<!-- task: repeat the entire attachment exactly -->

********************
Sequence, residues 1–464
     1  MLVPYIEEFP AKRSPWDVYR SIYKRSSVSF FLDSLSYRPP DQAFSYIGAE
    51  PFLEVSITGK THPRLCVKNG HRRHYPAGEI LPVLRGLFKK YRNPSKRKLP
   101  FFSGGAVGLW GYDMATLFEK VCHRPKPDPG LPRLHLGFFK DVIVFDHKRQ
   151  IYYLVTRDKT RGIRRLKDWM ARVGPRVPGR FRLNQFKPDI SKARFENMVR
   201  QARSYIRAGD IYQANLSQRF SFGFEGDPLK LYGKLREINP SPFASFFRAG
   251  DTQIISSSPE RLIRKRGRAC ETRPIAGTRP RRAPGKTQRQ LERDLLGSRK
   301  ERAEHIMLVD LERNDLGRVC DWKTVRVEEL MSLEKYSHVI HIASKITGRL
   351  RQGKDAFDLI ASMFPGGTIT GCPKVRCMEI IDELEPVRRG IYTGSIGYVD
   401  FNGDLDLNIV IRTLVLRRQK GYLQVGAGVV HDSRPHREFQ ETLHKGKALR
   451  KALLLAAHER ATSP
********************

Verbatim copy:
Sequence, residues 1–464
     1  MLVPYIEEFP AKRSPWDVYR SIYKRSSVSF FLDSLSYRPP DQAFSYIGAE
    51  PFLEVSITGK THPRLCVKNG HRRHYPAGEI LPVLRGLFKK YRNPSKRKLP
   101  FFSGGAVGLW GYDMATLFEK VCHRPKPDPG LPRLHLGFFK DVIVFDHKRQ
   151  IYYLVTRDKT RGIRRLKDWM ARVGPRVPGR FRLNQFKPDI SKARFENMVR
   201  QARSYIRAGD IYQANLSQRF SFGFEGDPLK LYGKLREINP SPFASFFRAG
   251  DTQIISSSPE RLIRKRGRAC ETRPIAGTRP RRAPGKTQRQ LERDLLGSRK
   301  ERAEHIMLVD LERNDLGRVC DWKTVRVEEL MSLEKYSHVI HIASKITGRL
   351  RQGKDAFDLI ASMFPGGTIT GCPKVRCMEI IDELEPVRRG IYTGSIGYVD
   401  FNGDLDLNIV IRTLVLRRQK GYLQVGAGVV HDSRPHREFQ ETLHKGKALR
   451  KALLLAAHER ATSP